dog competing in the Tennis Ball Toss. The
2012 Canine Olympics will be held on Saturday,
June 2 starting at 9 a.m. at the Canine
Craze Performance Center, 3101 104th St.,
Ste 3, Urbandale. For more information,
Annual canine competition offers
an array of events
They say you can’t teach an old dog new tricks,
but the people at Canine Craze will dispel that
myth during the 8th Annual Canine Olympics on
Saturday, June 2.
“My husband Scott came up with the idea because
he has always been passionate about people getting
involved with their dogs,” said Renee Jetter,
co-owner of Canine Craze Performance Center.
“It’s been fun to see the event grow and evolve
The event is open to any dog/handler team. Dogs
don’t need to be able to catch a Frisbee or
play dead; every dog is welcome.
“We wanted to make sure and focus the event
on contests that an average pet could do,” Jetter
said. “No matter how talented they are, they
can come here and win some prizes and medals.”
Interested owners can register prior to the
event at the store for $10 or register the day
of for $15.
“Once you’ve registered, you can compete in
as many events as you’d like,” Jetter said.
“We’re expecting 40 to 75 teams this year.”
Yes, she said teams. The dogs and their handlers
will compete as teams in the numerous events.
“The contests we offer are pretty easy,” Jetter
said. “The pie-eating contest, for example,
is a contest where the dog and its handler both
must eat pies. Or there is another contest where
the dog will lick peanut butter off its handler’s
face. Nothing too tough, just a lot of fun for
both the dog and the handler.”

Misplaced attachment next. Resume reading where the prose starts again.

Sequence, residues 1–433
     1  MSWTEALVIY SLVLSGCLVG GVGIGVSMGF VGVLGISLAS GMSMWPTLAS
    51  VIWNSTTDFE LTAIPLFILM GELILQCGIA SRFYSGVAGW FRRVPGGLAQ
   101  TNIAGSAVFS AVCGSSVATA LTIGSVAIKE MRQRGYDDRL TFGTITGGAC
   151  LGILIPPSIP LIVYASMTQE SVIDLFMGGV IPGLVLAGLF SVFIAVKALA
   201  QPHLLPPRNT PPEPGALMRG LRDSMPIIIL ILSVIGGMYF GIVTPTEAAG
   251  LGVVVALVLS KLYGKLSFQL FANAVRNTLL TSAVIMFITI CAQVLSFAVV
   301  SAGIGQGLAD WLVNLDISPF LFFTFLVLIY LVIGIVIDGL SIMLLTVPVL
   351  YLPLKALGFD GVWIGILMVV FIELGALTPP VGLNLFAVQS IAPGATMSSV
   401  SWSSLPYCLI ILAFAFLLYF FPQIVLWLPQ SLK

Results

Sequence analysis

The Canine Olympics will also feature a variety
of events including The Pooch Smooch, Hot Dog
diving, Tennis Ball Toss, Puppy Bowling, Tunnel
Relays, Barrel Racing, 6-legged Hurdles and
the Ultimate Stay contest. Jetter’s favorite
event is a twist on the reality show “Fear Factor.”
“The Fear Factor Feast is a really fun event
where we cut up a variety of about 20 foods
in little pieces, and the team that eats the
most items wins,” she laughed. “And if the dog
doesn’t eat it, the handler can for the win.
Some of the stuff is pretty easy like a carrot,
but last year we had raw beef liver and the
dogs hated it.”
Each of the gold medal winners then moves on
to the final competition known as The Iron Dog.
The winner of the final event wins a year’s
worth of agility classes valued at $720.
“We have three events that are totally different
than the previous day’s events,” Jetter said.
“We have a lot of fun each year creating some
creative and wacky contests for the dog and
handler to do. It’s a great way to end the event.”
Whether you have a dog or not, Jetter encourages
everyone to experience the Canine Olympics.
The event is free to spectators, but if you
bring a dog, you must pay the fee whether you’re
competing or not.
“If you love dogs, you’ll enjoy watching them
compete in the contests,” Jetter said. “It’s
a great opportunity to get your dog out of the
house and do something fun. And it’s one of
the few events that dogs and their handlers
can be involved with everything. Come on out
and let your dog be a dog.” CV